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4 Brilliant Inventions Others STOLE From Nikola Tesla

Who stole the inventions of the eccentric genius Nikola Tesla?

The life of Nikola Tesla was a carousel of brilliance, high circles, and iconic moves.
He was an eccentric genius whose inventions laid the foundation for modern-day power and mass communication.

There were 700 patents in his name when he died, and others never got to be under his name, as this represents a subject of controversy. His whole life seemed to be in fantastic turmoil, and even his death is considered a mystery.

Marc Seifer, the author of “Our entire mass communication system is based on Tesla’s system,” talks about Tesla more than just being a science man, and he summarizes that he was charismatic, urbane, and witty at the height of his career. He was the definition of brilliance, and more than the technical knowledge and creativity, he was speaking several languages. He kept very few friends around him, and some of them were the writers Mark Twain, Robert Underwood Johnson, and Francis Marion Crawford.

Seifer also talks about him being a hygiene freak and mentions uncommon fears he had, like the phobia of women’s earrings. Over the years, his obsessive tics became stronger. He died alone and without money in a hotel in New York City.

W. Carlson, in his book “Tesla: Inventor of the Electrical Age,” reminds us all about the fact that Nikola Tesla represents a real icon, not only because of his mind and his creations, but as a whole being. “Tesla was tall, slender, and imposing, with a dashing moustache and an impeccable sense of style.” The proof of his authentic style and his defined life as a dandy stays in the fact that his top hats and tails are on display in a museum in Serbia, the country that gave birth to this whole iconic genius. Carlson mentions, “We’re not really interested in seeing what Edison (his huge competitor) wore, because it was pretty forgettable.”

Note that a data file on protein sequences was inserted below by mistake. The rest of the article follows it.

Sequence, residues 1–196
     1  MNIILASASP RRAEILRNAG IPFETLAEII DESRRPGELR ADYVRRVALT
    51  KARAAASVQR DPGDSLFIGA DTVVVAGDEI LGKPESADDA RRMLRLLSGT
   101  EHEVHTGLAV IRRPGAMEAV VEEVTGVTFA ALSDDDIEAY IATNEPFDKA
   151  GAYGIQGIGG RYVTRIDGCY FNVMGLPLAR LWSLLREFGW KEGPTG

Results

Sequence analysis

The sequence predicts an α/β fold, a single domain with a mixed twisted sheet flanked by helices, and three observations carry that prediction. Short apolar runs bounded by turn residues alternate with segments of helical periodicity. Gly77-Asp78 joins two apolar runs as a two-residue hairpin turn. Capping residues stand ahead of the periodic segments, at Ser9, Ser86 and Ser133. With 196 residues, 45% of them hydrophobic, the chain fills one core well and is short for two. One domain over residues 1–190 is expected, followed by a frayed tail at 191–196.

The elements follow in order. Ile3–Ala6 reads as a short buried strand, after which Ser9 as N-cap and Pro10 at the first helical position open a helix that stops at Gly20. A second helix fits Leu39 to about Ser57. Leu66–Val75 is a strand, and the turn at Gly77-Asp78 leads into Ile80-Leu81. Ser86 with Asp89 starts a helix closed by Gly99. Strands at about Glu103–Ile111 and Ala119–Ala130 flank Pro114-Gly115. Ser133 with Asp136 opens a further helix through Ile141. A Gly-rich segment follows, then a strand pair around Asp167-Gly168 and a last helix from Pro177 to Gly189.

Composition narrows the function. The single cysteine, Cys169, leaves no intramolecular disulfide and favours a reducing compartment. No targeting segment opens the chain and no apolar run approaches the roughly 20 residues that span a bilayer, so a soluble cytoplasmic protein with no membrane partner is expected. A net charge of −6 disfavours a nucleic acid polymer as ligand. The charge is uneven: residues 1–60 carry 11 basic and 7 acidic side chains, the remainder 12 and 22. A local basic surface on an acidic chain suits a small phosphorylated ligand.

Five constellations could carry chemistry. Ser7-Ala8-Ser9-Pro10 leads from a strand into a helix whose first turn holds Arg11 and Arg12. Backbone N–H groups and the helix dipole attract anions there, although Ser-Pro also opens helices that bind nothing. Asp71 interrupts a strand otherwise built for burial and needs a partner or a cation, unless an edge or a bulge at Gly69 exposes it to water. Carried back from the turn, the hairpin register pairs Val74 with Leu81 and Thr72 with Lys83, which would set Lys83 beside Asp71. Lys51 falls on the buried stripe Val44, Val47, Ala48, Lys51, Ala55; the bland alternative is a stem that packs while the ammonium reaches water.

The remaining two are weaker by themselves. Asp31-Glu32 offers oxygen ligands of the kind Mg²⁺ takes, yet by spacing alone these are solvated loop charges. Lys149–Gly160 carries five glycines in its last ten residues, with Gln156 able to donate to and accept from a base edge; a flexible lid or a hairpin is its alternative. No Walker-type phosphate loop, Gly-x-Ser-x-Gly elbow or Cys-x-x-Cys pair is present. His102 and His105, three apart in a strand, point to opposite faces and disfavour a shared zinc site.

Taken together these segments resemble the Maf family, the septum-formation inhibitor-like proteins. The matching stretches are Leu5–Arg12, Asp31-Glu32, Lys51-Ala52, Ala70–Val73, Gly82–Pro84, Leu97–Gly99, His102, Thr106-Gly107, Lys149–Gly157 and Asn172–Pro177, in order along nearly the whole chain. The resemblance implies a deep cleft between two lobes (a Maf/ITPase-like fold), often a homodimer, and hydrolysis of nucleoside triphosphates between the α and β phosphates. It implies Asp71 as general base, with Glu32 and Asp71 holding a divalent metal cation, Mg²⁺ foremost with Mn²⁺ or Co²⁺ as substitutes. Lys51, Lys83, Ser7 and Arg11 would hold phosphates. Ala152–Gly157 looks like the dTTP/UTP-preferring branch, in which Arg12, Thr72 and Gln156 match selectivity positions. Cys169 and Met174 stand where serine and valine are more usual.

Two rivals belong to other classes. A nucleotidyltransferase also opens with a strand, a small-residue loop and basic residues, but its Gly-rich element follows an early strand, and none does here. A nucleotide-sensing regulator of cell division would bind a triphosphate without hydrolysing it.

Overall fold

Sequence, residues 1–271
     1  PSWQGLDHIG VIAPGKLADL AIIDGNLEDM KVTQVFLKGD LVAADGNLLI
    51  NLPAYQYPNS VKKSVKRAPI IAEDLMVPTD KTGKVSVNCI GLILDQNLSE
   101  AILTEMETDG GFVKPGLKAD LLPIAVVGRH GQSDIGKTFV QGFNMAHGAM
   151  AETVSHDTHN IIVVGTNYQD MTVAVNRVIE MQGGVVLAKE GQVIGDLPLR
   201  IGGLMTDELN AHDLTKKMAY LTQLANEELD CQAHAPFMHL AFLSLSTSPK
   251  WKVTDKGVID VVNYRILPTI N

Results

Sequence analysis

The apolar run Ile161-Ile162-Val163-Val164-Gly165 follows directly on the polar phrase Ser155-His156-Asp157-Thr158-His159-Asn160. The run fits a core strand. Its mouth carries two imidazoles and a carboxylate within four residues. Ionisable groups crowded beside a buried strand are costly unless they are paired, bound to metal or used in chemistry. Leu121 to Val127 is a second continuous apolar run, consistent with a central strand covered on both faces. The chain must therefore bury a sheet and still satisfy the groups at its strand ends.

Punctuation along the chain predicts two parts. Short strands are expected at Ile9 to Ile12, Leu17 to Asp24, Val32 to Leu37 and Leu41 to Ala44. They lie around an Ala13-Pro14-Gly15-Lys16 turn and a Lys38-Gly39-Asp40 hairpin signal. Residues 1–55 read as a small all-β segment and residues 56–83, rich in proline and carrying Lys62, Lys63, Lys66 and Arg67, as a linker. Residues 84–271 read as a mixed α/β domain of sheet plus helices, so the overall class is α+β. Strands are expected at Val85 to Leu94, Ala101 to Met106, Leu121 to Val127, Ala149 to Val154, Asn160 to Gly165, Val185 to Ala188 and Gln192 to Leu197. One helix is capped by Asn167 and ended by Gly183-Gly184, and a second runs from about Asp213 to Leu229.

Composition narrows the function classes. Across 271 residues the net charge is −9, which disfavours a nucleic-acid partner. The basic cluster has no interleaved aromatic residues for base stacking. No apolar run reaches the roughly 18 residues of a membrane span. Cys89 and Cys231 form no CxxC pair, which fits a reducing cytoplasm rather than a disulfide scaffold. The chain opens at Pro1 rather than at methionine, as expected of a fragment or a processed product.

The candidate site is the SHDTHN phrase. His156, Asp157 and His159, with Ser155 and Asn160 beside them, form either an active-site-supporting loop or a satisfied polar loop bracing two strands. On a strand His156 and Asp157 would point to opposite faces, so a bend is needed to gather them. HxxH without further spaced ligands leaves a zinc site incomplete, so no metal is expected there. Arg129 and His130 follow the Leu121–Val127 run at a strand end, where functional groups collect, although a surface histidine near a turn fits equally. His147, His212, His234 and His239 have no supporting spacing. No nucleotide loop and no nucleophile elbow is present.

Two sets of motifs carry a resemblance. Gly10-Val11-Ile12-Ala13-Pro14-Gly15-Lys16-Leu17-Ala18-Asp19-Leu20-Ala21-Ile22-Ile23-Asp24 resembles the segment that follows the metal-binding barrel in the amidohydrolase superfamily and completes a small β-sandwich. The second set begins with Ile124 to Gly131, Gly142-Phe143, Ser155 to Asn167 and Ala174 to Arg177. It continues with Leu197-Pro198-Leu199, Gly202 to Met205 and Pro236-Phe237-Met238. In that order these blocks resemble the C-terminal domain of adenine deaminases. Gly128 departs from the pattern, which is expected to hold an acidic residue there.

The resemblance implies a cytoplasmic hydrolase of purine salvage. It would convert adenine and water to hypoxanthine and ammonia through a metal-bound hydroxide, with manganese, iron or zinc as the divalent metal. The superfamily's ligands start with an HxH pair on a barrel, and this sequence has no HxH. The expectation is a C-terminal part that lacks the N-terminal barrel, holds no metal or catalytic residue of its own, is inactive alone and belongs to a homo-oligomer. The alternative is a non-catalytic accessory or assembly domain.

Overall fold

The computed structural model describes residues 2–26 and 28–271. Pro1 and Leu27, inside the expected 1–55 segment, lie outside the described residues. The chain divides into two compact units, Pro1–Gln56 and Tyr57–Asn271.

If you want to find out even more about Nikola Tesla, this is one of the books I mentioned.

These are some of the inventions Tesla doesn’t receive credit for.


Who “invented” electricity is one of the most controversial subjects in science history. Well, electricity was not invented by any human, but let’s see who made it practical for our use. Thomas Edison, often credited with ushering in the electric age, usually causes frustration to connoisseurs. Edison’s direct current (DC) is not what we use now in our homes. We use the cost-effective alternating current (AC), an electricity system developed by Nikola Tesla.

The late 1880s witnessed the fierce competition known as the War of Currents. The two companies owning the patented technologies squared off: Edison’s DC and Tesla’s AC, acquired by Westinghouse Electric.

At this time, the standard in the USA was DC, so Edison saw Tesla’s AC as a major threat to his business. A series of outrageous events took place, in which Edison tried to show how dangerous the AC system is by publicly electrocuting animals. He even secretly paid for the invention of the electric chair. The first execution of a prisoner was just a prolonged and awful death.

Nikola Tesla and Thomas Edison were huge competitors. Interestingly, Tesla worked for Edison for a while, but he quit and decided to continue on his own. History rumors are saying that Edison promised Tesla $50,000, the equivalent of 1 million dollars nowadays, for redesigning his inefficient DC motor and making it work. After Tesla did what he said and he asked for his payment, Edison dismissed it as a joke with an “You don’t understand American humor” phrase.